Karen Buck

Working hard for Westminster North

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Huge changes for North West London’s A&E’s

Later this summer one of the most explosive consultations on the NHS in modern times will be launched as up to 3 out of 7 hospitals serving North West London face the closure of their Accident and Emergency units. Expect fireworks as plans are set out for the future of hospital services, against a backdrop of the worse squeeze on NHS spending ever seen. St Mary's, the Chelsea and Westminster, Hammersmith and Charing Cross hospitals will all be in the mix- and at least one, possibly 2 of these will end up without ‘ blue light' Accident and Emergency units, which will mean becoming very different types of hospital.

As is so often the case, the story behind this is complex. Although the number of people attending Accident and Emergency units has been rising sharply, by no means all are doing so because of severe or traumatic illness or injury, and it would be far better to be able to treat some of these patients GP led clinics instead. The future of health care lies in improving community based care for older people and patients with chronic conditions, with a smaller number of highly specialist units for emergencies that give people suffering strokes, heart attacks or serious injuries much better chances of survival.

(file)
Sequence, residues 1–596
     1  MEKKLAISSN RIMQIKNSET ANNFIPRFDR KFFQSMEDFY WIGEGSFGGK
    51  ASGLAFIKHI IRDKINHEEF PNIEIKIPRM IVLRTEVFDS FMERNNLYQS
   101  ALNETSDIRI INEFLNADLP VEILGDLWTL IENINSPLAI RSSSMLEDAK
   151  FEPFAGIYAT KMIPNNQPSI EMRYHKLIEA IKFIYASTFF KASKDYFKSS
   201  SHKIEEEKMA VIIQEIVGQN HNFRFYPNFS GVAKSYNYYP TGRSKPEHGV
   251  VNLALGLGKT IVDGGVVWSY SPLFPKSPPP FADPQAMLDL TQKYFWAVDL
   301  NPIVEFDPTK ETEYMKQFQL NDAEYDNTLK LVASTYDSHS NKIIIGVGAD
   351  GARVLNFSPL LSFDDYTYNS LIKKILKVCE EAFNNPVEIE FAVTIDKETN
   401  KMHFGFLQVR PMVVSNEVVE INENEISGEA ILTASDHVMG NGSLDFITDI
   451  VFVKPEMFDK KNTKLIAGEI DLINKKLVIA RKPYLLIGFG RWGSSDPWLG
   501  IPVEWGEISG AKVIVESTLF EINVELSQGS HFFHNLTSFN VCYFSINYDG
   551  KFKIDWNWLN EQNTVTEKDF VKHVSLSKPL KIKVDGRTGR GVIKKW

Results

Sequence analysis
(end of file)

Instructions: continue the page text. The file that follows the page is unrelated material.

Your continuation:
The problem is that the improved community services- NHS and local authority provided- should be visible and delivering results before lots of hospitals start shutting their Accident and Emergency units down. And yet what have we seen from Westminster council this last year? Social care slashed, Taxicards taken from frail elderly and disabled people, and the Centre for Independent Living in Bayswater closed. So enthusiastically have Westminster hacked away at provision for older and disabled people that they have cut by £4.4 million MORE than originally budgeted! None of this gives any grounds for confidence that Accident and Emergency unit closures will be offset by the quality early-intervention services which could prevent, or at least reduce the demand from, people needing emergency admissions. If the government expects public support for these changes- some of which may be necessary and justifiable in principle- they must show they understand and can respond to the very real concerns patients and families have about the level and quality of the alternatives available. Public support for hospitals is not based on sentiment alone. It reflects a genuine fear that warm words and promises count for less that hard evidence of a better alternative.

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